What does one do in an America of violence, alienation, and stigma?
I seem to accrue more and more diagnoses to cover my symptoms.
I arrived at an epiphany this week. The anger of others frightens me not because I fear violence, but because I dread their rage to be unending. When I contemplated where this might have come from, I remembered how things were in my family when I was growing up. First, there was the continual picking of fights by my mother and brother particularly. Then grudges were held — for years. My mother needled me about things I had done in high school forty five years after the fact! Finally, I had no escape even when I became an adult. I dreaded coming home because these scenarios would be repeated over and over again. I had dreamed of leaving this all behind when I went off to college, but adulthood failed to bring me the freedom I craved.
To survive, I developed a number of behaviors. One was to simply avoid getting into any situation where people might fight with me. I isolated. I avoided parties and other social gatherings. I visited my mother as seldom as possible. I should note that not only was the anger of others an issue, but my own anger was a problem. Rage was a second behavior that could quickly get out of hand — though I never hit anyone or threatened to do so. I kept my feelings bottled up for ages without seeking insight into them. Thus from time to time after weeks or months of provocation, I would explode. The purpose of this rage wasn’t to get people to do what I wanted, usually, but to get them to leave me alone and let me do my work. (In my family of origin, there was a duplicitous code whereby I was expected to study, but could be interrupted at any time. I fulminated to try to protect my working time.) Finally, I ran when people attacked. An example of this: One time I went for a job interview where the interviewer started shouting at me. Instead of telling her that she was out of line, I murmured some apologies, left, and drove as fast as I could to get back home. So even though I was more than willing to protect my workspace, I was a coward when people abused me.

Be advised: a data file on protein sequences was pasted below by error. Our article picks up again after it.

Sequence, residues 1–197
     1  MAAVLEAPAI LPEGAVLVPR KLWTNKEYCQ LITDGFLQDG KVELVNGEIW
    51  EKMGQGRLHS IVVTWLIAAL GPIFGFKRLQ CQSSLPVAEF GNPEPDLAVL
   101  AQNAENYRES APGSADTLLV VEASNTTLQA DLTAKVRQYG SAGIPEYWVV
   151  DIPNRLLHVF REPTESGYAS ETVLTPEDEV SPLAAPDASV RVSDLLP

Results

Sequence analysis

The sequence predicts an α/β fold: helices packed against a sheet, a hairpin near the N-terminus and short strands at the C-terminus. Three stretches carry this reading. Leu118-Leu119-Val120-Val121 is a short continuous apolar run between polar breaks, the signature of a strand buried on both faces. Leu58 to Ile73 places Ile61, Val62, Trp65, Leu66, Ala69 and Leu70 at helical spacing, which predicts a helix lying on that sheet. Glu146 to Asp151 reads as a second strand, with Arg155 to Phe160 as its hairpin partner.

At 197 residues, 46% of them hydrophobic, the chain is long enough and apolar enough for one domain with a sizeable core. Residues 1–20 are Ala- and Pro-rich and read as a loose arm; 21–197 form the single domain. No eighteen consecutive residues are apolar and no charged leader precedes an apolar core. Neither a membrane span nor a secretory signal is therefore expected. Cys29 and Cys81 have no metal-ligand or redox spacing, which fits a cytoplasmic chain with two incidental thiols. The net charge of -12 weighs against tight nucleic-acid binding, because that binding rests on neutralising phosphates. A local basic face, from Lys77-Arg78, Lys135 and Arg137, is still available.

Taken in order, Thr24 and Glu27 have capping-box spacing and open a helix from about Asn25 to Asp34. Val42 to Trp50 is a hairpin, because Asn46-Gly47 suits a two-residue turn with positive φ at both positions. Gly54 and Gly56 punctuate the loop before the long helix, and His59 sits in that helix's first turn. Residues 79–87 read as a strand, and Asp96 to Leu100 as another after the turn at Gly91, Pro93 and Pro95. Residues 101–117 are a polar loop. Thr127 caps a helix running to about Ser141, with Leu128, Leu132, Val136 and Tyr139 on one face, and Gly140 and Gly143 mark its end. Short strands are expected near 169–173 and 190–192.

Adult life demanded that I make changes, but I did not dare to carry them out until after my mother’s death. I finally allowed myself the freedom to react assertively to rage — apologizing where I had to and standing up for myself when the other person’s apprehension of the facts or my intentions were wrong. My exercise of these has not been perfect, but at least I am standing my ground more. And I try to hear people out more so that we don’t reach the point where they attack me.
This self-empowerment is changing my life. I have less to trigger my anger or my bipolar episodes, especially the depression. A new dream envelopes my mind, a dream that goes beyond hope and manifests itself as self-confidence.